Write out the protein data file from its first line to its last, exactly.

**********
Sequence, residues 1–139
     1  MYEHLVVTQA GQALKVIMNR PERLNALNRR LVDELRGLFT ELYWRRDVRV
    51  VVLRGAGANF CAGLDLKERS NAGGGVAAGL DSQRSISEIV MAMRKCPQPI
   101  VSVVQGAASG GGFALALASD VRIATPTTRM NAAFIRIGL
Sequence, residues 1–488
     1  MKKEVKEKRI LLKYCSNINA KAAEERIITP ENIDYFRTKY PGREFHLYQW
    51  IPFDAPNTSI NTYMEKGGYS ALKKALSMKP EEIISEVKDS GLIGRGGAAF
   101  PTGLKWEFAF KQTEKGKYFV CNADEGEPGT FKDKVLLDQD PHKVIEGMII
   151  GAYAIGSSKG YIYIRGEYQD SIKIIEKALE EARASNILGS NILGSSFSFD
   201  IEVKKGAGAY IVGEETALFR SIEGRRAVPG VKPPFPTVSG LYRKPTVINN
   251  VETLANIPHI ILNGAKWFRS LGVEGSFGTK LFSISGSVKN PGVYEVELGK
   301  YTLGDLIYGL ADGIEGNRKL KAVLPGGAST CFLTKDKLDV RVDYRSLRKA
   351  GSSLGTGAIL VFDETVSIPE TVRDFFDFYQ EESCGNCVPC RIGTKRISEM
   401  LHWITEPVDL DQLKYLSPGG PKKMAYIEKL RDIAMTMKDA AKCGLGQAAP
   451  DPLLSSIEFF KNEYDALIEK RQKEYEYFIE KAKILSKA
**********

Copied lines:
Sequence, residues 1–139
     1  MYEHLVVTQA GQALKVIMNR PERLNALNRR LVDELRGLFT ELYWRRDVRV
    51  VVLRGAGANF CAGLDLKERS NAGGGVAAGL DSQRSISEIV MAMRKCPQPI
   101  VSVVQGAASG GGFALALASD VRIATPTTRM NAAFIRIGL
Sequence, residues 1–488
     1  MKKEVKEKRI LLKYCSNINA KAAEERIITP ENIDYFRTKY PGREFHLYQW
    51  IPFDAPNTSI NTYMEKGGYS ALKKALSMKP EEIISEVKDS GLIGRGGAAF
   101  PTGLKWEFAF KQTEKGKYFV CNADEGEPGT FKDKVLLDQD PHKVIEGMII
   151  GAYAIGSSKG YIYIRGEYQD SIKIIEKALE EARASNILGS NILGSSFSFD
   201  IEVKKGAGAY IVGEETALFR SIEGRRAVPG VKPPFPTVSG LYRKPTVINN
   251  VETLANIPHI ILNGAKWFRS LGVEGSFGTK LFSISGSVKN PGVYEVELGK
   301  YTLGDLIYGL ADGIEGNRKL KAVLPGGAST CFLTKDKLDV RVDYRSLRKA
   351  GSSLGTGAIL VFDETVSIPE TVRDFFDFYQ EESCGNCVPC RIGTKRISEM
   401  LHWITEPVDL DQLKYLSPGG PKKMAYIEKL RDIAMTMKDA AKCGLGQAAP
   451  DPLLSSIEFF KNEYDALIEK RQKEYEYFIE KAKILSKA